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Is the pipe operator strictly necessary for members which have been assigned inline?

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    Is the pipe operator strictly necessary for members which have been assigned inline?

    The following deck shows the case:
    https://deck.net/86f705da5d243a5c1679e1d7e878a0cf

    Line 19:
    Demo.Program.i = (Demo.Program.i + 1) | 0;
    Is the | 0; portion at the end strictly needed? It actually seems like this isn't technically correct from the C# standpoint. If the member i ever becomes undefined, I would not expect the increment to set it to zero. I might expect it to return NaN. Whats the history behind using | [default value type]? Am I missing something?
    Last edited by geoffrey.mcgill; 2018-01-17 @ 10:52 AM.

    #2
    Hi selinc,

    The | 0; part is required to control range overflow correctly because in JavaScript numbers are stored as 64 bits floating numbers.

    At the first glance | 0; could be confusing, i.e. the fact that bitwise OR does what we need. That's possible because JavaScript performs bitwise operations on 32 bits numbers. So | 0; operation actually equals to the following (probably more clear definition):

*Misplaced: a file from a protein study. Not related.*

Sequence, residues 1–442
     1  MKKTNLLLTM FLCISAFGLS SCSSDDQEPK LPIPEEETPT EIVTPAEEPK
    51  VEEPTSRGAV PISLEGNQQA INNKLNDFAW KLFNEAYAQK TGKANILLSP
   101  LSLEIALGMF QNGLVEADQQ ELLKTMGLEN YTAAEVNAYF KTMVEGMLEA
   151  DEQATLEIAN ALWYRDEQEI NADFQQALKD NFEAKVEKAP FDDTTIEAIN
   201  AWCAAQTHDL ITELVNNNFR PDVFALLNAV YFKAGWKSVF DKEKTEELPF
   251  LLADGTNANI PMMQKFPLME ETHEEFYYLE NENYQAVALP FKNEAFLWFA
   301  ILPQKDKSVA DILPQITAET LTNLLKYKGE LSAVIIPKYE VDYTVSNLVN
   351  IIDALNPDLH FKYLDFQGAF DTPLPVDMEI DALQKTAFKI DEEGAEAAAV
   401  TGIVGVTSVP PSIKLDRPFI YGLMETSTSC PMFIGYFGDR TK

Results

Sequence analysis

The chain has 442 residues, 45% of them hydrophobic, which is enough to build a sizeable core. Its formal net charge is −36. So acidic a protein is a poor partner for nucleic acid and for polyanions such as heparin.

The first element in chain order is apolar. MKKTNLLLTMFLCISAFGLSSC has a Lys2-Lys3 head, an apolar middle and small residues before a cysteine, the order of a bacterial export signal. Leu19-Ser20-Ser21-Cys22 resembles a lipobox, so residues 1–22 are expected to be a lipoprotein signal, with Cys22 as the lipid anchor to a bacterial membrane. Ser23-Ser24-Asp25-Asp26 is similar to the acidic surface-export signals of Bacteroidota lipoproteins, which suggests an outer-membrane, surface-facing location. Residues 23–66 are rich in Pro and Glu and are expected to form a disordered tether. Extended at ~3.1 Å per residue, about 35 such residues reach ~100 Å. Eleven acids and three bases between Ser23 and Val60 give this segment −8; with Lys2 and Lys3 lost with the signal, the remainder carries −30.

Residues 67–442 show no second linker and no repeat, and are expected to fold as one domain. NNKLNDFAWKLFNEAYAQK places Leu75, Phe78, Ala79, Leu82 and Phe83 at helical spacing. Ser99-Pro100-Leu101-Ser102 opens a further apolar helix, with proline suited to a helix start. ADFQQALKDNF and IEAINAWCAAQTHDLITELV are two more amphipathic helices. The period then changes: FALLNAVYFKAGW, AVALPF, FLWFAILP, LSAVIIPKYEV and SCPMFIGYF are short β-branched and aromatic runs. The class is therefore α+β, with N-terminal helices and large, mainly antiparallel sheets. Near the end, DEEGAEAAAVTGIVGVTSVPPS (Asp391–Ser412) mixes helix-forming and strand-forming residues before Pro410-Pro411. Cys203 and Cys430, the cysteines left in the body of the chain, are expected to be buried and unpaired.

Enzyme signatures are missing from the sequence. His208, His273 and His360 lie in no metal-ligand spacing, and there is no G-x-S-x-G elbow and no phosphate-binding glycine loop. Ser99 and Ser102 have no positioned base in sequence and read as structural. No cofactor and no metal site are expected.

Demo.Program.i = (Demo.Program.i + 1) & 0xFFFFFFFF;

    The Deck sample below demonstrates overflow issue and how it's handled for different number types:
    https://deck.net/6480e2659a5322c8ae8e506cb89b4f95
    You can compare the results to .NET Fiddle output:
    https://dotnetfiddle.net/YvRl91

    As for undefined issue - I agree, I'd also expect NaN in the scenario you described. We're investigating how it's possible to address it without affecting performance.

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      #3
      I think I was confused. I'm not sure what the | does in the undefined case. I'm not too familiar with javascript.

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